Her guesses for college costs were way off (she assumed college tuition was $1,000 per year right after she asked "what's tuition? People pay to go to school?!?!"), but it started good discussions on budgeting and long term financial planning. She's kind of a math whiz, so this type of word problem with a lot of undefined values is a good challenge for her, too.

I've decided to let them in on our FI and early retirement and how our finances work. So we have the occasional random discussion on finances and investments already. I also picked up a few financy books from the Juvenile non-fiction section of the library and reverse psychology them into reading these books.
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Old 11-13-2014, 10:29 PM   #26
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These are all GREAT ideas. Thanks!
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Old 11-14-2014, 02:43 AM   #27
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If money talks come easily, then the birds and the bees should be a breeze too.

And I think Dave Ramsey and his daughter Rachel Cruz have a new book out about money for kids. Might be worth buying and using that as a syllabus of sorts.

Finally, Somewhere along the line, teach him about the perils of women and espeically gold diggers... I actually read part of this article to my two teen age boys at dinner the other night... well...edited some of the more graphic parts but they got the idea...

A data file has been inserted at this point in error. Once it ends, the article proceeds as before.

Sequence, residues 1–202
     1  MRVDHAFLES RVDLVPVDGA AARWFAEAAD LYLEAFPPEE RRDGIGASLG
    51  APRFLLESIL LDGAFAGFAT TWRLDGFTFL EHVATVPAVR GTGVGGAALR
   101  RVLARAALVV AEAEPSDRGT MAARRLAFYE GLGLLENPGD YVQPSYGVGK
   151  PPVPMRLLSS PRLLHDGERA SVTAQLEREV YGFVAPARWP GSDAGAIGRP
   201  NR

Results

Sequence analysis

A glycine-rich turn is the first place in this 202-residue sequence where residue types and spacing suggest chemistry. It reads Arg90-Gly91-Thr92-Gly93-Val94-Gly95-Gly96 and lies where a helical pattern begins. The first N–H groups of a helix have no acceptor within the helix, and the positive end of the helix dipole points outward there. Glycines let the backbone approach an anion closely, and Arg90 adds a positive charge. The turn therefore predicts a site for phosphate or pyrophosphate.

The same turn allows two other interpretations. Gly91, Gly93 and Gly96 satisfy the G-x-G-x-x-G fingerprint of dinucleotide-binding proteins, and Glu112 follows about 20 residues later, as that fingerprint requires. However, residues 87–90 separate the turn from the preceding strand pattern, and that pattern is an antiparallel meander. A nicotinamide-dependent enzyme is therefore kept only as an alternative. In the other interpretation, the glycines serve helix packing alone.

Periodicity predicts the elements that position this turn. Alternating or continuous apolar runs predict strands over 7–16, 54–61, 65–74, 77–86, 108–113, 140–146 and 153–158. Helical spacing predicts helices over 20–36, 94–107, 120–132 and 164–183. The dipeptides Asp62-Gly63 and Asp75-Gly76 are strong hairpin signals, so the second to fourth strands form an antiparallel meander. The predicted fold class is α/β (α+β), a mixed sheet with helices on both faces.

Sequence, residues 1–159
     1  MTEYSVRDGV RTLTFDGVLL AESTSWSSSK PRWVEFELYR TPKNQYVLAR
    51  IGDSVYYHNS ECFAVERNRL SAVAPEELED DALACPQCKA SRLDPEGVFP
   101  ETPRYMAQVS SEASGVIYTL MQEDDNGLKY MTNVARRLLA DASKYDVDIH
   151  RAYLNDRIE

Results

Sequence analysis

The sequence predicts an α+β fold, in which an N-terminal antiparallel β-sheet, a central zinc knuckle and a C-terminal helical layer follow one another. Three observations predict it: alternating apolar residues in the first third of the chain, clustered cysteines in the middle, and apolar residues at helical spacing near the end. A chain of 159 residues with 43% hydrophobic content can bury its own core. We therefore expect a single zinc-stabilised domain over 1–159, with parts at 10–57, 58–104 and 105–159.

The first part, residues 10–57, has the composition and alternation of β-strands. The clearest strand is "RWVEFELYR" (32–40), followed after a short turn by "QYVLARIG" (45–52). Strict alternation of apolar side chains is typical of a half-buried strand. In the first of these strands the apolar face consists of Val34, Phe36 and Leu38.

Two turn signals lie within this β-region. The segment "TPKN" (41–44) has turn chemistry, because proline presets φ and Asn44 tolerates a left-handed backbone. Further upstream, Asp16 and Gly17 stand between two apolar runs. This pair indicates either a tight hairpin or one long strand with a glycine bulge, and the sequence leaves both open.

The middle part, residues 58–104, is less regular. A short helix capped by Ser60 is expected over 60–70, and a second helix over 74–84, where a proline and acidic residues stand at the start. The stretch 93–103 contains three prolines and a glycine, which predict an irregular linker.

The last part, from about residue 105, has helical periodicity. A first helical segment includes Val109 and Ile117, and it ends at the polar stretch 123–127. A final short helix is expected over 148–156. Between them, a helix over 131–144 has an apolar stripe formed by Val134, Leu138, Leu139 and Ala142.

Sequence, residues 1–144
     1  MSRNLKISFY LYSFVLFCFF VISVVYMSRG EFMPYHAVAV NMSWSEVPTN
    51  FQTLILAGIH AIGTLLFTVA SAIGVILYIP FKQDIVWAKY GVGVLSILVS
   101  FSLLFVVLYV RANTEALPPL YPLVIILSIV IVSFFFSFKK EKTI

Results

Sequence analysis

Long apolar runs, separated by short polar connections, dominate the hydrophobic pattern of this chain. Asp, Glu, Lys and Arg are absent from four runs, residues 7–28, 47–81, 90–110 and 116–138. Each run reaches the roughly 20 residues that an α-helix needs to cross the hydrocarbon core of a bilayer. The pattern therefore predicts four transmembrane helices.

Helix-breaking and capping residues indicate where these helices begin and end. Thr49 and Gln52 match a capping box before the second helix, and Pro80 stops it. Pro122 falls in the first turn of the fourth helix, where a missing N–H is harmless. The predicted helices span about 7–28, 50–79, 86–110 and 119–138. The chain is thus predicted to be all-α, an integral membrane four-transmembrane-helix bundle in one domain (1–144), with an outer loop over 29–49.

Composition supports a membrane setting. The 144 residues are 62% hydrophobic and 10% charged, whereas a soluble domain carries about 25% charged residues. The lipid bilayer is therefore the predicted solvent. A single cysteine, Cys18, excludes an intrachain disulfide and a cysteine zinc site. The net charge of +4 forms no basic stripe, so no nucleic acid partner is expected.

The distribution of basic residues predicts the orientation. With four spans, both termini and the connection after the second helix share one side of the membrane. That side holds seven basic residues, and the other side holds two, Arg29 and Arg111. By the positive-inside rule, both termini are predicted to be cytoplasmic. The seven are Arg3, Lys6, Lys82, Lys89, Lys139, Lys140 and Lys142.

Gold Digger academy: Russia’s Gold Digger Academy - The Daily Beast
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Old 11-14-2014, 04:33 AM   #28
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The time value of money.

The cost of money. Why it's better to receive interest than to pay it.

Bills. How to pay them. What they are for. I had my son sit with me when I paid the bills to show him where the money goes.

Taxes. Show him receipts and bills so he can see how taxes are added to everything. Have him sit with you while you do your income taxes. Show him a pay stub so he sees how taxes come out of your paycheck.

Concept of creating wealth by providing a product or service and someone paying more for it than it cost you.
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Old 11-14-2014, 09:14 AM   #29